Everyone works in their language: francophones outside Quebec, francophones in Quebec and English-speaking people outside Quebec. What the member is saying is that English-speaking Quebeckers no longer have the same rights as every other federal civil servant to work in their language.

[Translation]

    What a disgrace. I listened carefully to what the member had to say, and he and his party do not care about the anglophone community in Quebec.
    Madam Speaker, I find it shocking that a member from Quebec, where Bill 101 and French as a common language have universal support, would rise in the House to tell me in English that people should not be able to speak French at work. I find that a bit ridiculous.
    Madam Speaker, as a member from Quebec, I am very proud to be Canadian. I am very proud to be part of a country where people can speak in the House of Commons of Canada in English or in French, whether they are from Quebec or any other province.

[English]

    I as an English-speaking Quebecker will defend both languages in the same way I did when I ensured that French-speaking people in British Columbia and French-speaking people in Newfoundland would have the right to divorce in French when I chaired the justice committee and brought that amendment to that bill.
    I am proud that we stand with the other three parties for both official languages all across Canada. Only your party does not.

  (1750)  

[Translation]

    What a disgrace.
    I would remind the member that he is to address the Chair, not the other members.
    The hon. member for Mirabel.
    Madam Speaker, I am getting worried.
    Could somebody give the member opposite some chocolate? He looks like he is about to have a heart attack. His face is really red. He is way off the mark.

[English]

    Madam Speaker, I thank the House for permitting me to be a part of the debate on Bill C-420, tabled by my colleague the hon. member for Mirabel.

[Translation]

    First of all, I would like to remind the House what this bill is about.

[English]

    Bill C-420 would amend the Canada Labour Code, also known as the code, in order to accomplish three things.

[Translation]

    First, it would prohibit employers from hiring replacement workers to perform the duties of employees who are on strike or locked out.

[English]

    Second, it would authorize the minister of labour to enter into an agreement with the government of a province to provide for the application to pregnant and nursing employees of certain provisions of the provincial legislation concerning occupational health and safety.

[Translation]

    Lastly, Bill C-420 would amend the Canada Labour Code, the Official Languages Act and the Canada Business Corporations Act to clarify the application of the Charter of the French Language in Quebec.

[English]

    Tabling the bill gives us the opportunity to review the Government of Canada's actions in regard to labour relations especially, as well as in regard to working conditions for pregnant and nursing employees.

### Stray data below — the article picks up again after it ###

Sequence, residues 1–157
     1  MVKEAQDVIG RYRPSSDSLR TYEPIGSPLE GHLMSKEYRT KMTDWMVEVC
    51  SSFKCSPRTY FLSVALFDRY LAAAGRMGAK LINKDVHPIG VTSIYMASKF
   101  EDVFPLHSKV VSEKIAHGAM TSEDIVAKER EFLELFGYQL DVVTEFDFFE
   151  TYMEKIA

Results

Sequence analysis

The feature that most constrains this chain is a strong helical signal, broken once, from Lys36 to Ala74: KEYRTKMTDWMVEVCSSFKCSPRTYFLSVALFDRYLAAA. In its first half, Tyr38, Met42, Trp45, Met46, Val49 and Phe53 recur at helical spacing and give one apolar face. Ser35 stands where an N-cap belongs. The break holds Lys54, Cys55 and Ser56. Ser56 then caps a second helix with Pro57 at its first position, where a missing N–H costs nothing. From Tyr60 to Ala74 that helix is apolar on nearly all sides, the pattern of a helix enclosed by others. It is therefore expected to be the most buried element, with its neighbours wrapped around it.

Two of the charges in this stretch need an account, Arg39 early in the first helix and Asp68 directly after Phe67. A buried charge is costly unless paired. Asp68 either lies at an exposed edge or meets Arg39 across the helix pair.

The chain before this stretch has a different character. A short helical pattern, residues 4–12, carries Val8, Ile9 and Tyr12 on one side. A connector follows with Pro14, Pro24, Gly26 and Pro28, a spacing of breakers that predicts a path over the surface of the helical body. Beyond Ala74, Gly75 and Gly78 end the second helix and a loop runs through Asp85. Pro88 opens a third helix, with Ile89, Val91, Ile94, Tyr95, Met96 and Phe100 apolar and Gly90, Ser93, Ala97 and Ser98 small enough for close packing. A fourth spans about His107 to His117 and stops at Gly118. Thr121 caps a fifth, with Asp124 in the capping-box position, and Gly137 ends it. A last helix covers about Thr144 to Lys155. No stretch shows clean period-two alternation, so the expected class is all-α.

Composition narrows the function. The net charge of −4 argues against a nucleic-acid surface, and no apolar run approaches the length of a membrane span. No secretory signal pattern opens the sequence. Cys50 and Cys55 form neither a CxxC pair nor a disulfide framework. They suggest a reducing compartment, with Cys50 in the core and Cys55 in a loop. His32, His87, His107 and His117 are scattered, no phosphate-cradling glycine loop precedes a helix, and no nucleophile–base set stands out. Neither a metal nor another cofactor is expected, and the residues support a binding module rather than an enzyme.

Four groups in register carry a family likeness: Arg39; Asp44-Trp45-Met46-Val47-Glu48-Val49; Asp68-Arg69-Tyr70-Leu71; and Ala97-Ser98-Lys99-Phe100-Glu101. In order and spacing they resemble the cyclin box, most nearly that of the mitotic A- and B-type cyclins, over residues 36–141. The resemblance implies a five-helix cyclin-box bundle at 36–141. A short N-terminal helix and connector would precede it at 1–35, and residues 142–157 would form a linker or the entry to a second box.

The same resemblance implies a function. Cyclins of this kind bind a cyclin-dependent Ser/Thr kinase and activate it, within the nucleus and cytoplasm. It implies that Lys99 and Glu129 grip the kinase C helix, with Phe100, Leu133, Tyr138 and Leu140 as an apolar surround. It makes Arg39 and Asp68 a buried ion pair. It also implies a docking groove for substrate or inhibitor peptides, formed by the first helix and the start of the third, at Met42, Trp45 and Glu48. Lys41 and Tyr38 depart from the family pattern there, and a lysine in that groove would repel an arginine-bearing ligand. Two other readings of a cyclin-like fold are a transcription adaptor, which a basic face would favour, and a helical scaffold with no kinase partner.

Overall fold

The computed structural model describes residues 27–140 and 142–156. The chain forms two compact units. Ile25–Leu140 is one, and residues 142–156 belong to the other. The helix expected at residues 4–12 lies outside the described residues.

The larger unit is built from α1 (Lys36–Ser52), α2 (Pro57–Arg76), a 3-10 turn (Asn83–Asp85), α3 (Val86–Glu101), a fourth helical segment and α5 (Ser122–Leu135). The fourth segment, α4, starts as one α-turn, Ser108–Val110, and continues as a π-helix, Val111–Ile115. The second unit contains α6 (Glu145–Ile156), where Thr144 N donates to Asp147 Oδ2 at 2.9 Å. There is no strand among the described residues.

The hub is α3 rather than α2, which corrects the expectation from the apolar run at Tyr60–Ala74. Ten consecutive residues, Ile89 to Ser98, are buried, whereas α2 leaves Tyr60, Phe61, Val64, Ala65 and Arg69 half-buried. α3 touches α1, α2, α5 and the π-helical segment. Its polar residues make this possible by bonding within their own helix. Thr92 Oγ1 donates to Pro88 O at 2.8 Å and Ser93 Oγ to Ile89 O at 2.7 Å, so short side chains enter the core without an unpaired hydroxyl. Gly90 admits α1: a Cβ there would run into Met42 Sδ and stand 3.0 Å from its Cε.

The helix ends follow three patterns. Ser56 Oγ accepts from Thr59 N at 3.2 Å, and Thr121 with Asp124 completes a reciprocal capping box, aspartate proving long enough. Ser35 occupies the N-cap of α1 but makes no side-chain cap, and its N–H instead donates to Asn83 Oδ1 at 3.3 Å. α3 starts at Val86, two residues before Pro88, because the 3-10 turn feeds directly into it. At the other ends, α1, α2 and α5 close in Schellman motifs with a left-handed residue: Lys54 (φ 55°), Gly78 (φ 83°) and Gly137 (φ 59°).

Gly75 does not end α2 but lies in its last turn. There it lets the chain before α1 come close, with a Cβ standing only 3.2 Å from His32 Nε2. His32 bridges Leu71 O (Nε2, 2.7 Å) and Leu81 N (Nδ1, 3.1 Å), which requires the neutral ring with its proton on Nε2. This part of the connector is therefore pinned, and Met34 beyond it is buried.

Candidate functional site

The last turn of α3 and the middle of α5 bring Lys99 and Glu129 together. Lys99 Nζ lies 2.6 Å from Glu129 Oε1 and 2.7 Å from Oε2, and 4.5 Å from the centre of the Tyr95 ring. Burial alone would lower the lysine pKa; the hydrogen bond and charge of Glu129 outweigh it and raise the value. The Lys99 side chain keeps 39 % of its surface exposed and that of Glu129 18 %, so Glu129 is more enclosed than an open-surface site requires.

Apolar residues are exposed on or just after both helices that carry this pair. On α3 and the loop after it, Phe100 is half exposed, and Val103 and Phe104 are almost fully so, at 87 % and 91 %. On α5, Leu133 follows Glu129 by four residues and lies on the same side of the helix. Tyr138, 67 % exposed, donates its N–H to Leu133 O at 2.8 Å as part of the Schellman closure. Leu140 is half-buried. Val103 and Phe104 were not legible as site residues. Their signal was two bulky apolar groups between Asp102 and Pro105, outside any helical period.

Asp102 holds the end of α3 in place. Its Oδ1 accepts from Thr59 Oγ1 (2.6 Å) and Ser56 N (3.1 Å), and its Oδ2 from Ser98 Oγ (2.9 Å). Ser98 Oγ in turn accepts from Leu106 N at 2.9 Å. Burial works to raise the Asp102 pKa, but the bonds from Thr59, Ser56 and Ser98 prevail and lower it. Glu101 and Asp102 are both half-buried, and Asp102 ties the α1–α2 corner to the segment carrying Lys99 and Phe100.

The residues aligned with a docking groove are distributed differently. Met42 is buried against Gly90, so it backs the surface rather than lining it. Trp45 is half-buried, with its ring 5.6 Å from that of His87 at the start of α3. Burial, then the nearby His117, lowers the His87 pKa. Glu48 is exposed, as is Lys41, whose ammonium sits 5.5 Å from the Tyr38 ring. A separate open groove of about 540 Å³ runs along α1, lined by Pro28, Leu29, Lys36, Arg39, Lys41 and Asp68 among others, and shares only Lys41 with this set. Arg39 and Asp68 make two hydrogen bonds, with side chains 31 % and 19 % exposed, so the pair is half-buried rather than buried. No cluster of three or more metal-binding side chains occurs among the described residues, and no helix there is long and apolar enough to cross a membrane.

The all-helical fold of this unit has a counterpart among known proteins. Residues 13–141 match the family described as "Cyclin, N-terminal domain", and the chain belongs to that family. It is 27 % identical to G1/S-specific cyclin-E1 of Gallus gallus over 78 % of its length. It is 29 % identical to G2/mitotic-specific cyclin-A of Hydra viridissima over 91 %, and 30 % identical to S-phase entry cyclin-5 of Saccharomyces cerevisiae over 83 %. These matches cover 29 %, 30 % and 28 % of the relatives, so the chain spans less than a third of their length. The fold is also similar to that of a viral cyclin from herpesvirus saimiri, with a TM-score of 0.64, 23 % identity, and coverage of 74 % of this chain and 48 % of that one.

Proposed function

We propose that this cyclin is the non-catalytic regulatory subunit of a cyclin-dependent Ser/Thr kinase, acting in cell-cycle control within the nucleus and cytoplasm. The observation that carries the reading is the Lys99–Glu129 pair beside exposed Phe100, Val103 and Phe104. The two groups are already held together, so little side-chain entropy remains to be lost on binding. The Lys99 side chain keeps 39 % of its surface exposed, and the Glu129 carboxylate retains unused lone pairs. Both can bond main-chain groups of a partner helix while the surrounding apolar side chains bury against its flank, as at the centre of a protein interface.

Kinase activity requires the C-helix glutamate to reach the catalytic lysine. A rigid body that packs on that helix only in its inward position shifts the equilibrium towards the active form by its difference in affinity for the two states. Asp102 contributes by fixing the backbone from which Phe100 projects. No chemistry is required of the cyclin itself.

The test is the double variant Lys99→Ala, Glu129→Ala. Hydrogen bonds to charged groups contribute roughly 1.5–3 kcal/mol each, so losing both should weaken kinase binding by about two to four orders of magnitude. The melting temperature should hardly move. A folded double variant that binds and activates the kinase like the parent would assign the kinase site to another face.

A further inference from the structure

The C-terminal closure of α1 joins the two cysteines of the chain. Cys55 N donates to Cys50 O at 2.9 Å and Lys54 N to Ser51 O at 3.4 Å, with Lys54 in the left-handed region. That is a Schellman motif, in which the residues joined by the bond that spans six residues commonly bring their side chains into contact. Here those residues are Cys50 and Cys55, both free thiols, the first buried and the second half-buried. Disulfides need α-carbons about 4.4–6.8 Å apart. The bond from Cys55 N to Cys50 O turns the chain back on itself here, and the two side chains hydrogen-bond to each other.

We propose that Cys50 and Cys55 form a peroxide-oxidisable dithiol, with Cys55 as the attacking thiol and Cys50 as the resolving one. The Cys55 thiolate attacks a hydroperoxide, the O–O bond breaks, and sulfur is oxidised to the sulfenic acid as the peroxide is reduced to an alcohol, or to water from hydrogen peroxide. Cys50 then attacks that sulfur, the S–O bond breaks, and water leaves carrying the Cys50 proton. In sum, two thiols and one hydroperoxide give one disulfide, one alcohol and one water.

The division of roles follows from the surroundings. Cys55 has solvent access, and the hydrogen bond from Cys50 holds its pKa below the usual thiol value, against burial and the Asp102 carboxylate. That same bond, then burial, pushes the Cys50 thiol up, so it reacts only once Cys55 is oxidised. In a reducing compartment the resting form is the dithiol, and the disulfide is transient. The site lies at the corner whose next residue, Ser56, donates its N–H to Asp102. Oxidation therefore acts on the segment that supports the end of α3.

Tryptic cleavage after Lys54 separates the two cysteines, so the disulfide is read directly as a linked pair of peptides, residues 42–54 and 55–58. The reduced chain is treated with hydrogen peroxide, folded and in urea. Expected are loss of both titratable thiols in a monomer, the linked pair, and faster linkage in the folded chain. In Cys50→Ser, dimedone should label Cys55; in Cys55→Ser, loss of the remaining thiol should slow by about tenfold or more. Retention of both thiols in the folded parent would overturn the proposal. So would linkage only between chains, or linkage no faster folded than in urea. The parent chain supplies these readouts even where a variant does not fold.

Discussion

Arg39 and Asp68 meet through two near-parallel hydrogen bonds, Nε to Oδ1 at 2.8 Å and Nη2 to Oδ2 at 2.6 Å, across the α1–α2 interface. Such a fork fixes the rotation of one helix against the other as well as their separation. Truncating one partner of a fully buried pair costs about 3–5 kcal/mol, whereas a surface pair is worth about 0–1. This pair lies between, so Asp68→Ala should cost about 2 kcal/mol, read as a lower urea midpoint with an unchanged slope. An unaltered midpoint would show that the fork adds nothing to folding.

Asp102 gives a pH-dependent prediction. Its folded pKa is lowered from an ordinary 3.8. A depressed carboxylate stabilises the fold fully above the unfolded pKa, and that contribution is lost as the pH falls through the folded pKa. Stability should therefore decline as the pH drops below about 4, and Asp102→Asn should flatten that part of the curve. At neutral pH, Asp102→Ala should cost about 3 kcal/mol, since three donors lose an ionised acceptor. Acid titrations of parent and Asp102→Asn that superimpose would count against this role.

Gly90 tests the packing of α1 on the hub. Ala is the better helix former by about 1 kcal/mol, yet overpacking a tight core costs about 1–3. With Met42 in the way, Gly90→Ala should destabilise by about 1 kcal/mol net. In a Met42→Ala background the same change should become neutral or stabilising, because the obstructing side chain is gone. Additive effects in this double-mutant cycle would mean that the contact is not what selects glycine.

[Translation]

    I want to use my time today to go over some of the actions that have been taken.

[English]

    Let us talk first about what Bill C-420 proposes to do with regard to replacement workers and labour relations reform in Canada.
     The bill seeks to amend the code to make it an offence for employers to hire replacement workers to perform the duties of employees who are on a lawful work stoppage. Any contravention of this provision would entail a fine of up to $10,000 for the employer. The bill would also permit an employer to not reinstate any locked out or striking employee at the end of the work stoppage.
    We have to keep in mind that amending the code can have an impact on labour relations if it is not done properly. Any proposed amendment requires a broader comprehensive review of part I, as well as a tripartite consultation process that involves the government, the labour movement and, of course, employers. In fact, all concerned parties, including academics and external stakeholders, should be consulted since these reforms would affect a great number of Canadians across the country.
     It is a long-standing practice not to amend the code in a piecemeal fashion or without soliciting the input of affected stakeholders. The current provisions in the code are the result of such a review and represent a carefully crafted compromise between the interests of employers and trade unions.
    Let me provide an example. In 1995, a working group, mandated by the minister of labour, led an extensive public consultation on part I of the code. Workers, employers and government stakeholders were consulted, as well as external stakeholders, such as academics and others, who could provide relevant insight. The working group's report, entitled “Seeking a Balance”, formed the basis of the significant changes to part I of the code that came into effect in 1999.
     The consultation process is critical to any legislative changes made to industrial relations at the federal level and our government has always respected that.